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A Considerable Speck

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Ryan Anderson

on 10 October 2014

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Transcript of A Considerable Speck

The End
The narrator, while writing on a sheet of white paper, saw a ‘mite’ run across the page. He first thought of stabbing it, then realized it is intelligent, and instead let the scared ‘mite’ rest. Then the narrator tells us he didn’t save the mite because of a general principle of equal kindness, but because it had done him no harm. He ends the poem by saying he is glad to find signs of intelligence in any form on pieces of paper.
Images/ Diction
The mite's movements are described as "racing wildly" (11), while it runs "with terror" (19). These descriptions create visual imagery of the mite running frantically across the sheet of paper.
The diction employed in this poem is designed to contrast Frost from his Collectivist opponents, because he is calm and collected in his decision making while they are frantic and indecisive. He calls the mite "poor" (27), describes it as "cower[ing]" (22), and has a general tone of ridicule and inferiority of the mite.
The diction and images of the mite tie to common perceptions of Collectivism, where the followers run around aimlessly, with a sole intention of survival.
Themes/ Connections
A major theme of this poem is the belief in Collectivism, which Frost directly alludes to by satirizing the regimenting love traditional of Collectivism on line 25. Frost was a devout Individualist, and he viewed Collectivism as an antithesis to the American way- the belief that we determine our own destiny. To Frost, we are each our own poet, and he views Collectivists as merely mites on our paper.
Another theme prevalent in A Considerable Speck is the theme of omnipotence. Frost repeatedly personifies the writer as being in control of what becomes of the mite, therefore alluding that he is in control and overpowers the critics of his work. This is particularly accurate because this poem was written during Frost's prime when he was virtually untouchable by criticism.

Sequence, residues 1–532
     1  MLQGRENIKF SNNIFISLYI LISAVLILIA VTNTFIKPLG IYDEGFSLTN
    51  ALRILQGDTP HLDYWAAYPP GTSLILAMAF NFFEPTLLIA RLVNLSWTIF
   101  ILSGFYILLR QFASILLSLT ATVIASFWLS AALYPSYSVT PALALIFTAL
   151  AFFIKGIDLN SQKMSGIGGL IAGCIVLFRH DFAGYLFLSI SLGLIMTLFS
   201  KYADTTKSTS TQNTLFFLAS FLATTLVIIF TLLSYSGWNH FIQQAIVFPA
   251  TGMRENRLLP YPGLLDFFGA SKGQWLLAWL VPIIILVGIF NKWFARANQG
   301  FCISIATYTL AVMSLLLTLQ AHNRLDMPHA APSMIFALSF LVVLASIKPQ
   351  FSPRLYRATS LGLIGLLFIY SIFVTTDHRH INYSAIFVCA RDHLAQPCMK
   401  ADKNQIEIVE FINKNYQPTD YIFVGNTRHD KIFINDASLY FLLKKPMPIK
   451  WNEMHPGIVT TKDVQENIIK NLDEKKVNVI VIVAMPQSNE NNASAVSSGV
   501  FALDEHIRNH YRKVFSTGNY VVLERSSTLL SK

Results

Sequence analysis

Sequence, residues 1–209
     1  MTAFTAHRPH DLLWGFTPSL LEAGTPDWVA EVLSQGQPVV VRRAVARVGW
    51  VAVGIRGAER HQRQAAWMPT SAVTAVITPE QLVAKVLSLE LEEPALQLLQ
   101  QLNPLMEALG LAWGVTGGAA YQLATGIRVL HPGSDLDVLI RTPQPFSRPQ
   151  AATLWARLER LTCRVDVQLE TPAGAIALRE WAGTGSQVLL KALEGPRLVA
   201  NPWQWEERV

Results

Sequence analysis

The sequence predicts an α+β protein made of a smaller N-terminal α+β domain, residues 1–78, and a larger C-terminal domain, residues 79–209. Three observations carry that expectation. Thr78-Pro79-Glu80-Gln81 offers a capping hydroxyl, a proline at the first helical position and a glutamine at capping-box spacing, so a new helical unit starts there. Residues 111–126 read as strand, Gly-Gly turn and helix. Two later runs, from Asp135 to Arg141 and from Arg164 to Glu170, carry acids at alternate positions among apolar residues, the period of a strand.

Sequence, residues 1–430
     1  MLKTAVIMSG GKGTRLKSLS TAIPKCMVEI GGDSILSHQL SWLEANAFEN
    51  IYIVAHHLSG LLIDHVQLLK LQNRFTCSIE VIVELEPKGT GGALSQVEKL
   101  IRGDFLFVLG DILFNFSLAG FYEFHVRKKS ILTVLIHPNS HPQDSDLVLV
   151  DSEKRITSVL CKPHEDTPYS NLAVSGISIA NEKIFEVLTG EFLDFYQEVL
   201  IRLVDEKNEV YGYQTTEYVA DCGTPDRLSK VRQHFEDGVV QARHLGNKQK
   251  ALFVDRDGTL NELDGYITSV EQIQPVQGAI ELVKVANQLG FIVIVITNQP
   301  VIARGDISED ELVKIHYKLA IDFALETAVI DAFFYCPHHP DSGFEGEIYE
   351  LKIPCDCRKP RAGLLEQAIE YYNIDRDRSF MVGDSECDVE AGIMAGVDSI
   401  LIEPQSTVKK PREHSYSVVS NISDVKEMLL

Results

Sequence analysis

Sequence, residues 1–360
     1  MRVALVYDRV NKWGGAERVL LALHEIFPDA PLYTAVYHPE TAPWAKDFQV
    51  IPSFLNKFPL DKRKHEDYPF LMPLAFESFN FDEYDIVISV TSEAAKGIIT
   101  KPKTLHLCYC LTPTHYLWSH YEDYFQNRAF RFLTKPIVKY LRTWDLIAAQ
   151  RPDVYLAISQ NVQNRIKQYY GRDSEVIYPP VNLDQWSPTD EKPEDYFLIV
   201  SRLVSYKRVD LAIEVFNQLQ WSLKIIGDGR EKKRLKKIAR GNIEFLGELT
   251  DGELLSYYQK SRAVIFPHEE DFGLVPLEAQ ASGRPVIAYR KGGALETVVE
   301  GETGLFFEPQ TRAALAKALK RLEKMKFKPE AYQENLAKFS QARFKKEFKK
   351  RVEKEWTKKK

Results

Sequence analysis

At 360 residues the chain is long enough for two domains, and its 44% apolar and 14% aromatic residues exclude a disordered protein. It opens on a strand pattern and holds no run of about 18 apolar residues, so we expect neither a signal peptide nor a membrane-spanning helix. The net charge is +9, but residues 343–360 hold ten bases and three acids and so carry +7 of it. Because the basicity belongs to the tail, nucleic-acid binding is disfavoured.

This poem is written as a single stanza, so the shifts are made evident by the breaks in rhyme scheme. Largely in Iambic pentameter with some anapestic intrusions, it is split into three verses: after lines 6 and 29.
Verse 1: Has an AABBCC rhyme scheme, using heroic couplets to reinforce the view that he is omnipotent and a hero.
Verse 2: Has no defined scheme although it partially mirrors a Petrarchan sonnet. The combination of traditional and modern structures is evident in this verse as the rhyme scheme is used to imitate the mite's frantic running. Interestingly, such as in line 8, some lines are not rhymed. This can be attributed to Frost's desire to de-romanticize the Collectivist reputation. Further, this is where Frost declares that he makes decisions honestly, not for reputation.
Verse 3: Returns to heroic couplet form again defining the poet as being on a higher moral ground than the mite.
Tone and Shifts
In the first section of the poem, Frost uses a sort of whimsical tone while he is describing the mite.
"With inclinations it could call its own."(9)
"Then paused again and either drank or smelt," (13)
The tone becomes more arrogant right around where the second verse begins.
"Cower down in desperation to accept, Whatever I accorded it of fate." (22-23)
"I let it lie there till I hope it slept."(29)